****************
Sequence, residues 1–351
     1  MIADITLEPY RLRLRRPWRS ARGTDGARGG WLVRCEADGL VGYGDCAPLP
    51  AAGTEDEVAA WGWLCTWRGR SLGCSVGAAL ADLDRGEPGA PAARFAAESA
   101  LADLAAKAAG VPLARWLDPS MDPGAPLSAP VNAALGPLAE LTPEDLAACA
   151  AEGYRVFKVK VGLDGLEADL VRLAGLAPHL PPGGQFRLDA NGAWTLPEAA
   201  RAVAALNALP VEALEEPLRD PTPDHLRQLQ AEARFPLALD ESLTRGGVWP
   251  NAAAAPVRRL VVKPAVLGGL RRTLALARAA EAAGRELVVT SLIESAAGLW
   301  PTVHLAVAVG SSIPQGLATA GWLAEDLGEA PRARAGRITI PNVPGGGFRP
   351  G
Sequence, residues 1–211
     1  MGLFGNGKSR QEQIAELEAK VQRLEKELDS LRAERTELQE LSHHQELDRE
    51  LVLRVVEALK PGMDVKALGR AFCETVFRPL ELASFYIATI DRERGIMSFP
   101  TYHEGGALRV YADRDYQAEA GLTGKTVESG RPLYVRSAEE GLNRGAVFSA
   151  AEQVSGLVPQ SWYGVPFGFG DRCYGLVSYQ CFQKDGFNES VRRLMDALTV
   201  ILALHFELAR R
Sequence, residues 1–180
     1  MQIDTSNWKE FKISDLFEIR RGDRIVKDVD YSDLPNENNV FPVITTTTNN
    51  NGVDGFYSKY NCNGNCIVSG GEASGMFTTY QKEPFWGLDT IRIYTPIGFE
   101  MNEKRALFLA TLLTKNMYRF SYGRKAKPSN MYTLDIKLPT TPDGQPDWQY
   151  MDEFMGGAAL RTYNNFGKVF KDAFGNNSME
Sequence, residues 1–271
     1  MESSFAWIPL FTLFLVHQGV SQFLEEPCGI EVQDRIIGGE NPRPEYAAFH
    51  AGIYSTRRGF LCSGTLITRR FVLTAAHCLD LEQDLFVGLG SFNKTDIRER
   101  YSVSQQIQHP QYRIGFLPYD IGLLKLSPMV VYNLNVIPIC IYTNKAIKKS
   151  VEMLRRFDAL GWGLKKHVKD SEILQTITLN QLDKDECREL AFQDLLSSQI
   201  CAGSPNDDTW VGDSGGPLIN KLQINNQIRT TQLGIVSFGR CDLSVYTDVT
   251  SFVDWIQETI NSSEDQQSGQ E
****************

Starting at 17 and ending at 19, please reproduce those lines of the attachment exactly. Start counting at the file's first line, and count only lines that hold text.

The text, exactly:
     1  MQIDTSNWKE FKISDLFEIR RGDRIVKDVD YSDLPNENNV FPVITTTTNN
    51  NGVDGFYSKY NCNGNCIVSG GEASGMFTTY QKEPFWGLDT IRIYTPIGFE
   101  MNEKRALFLA TLLTKNMYRF SYGRKAKPSN MYTLDIKLPT TPDGQPDWQY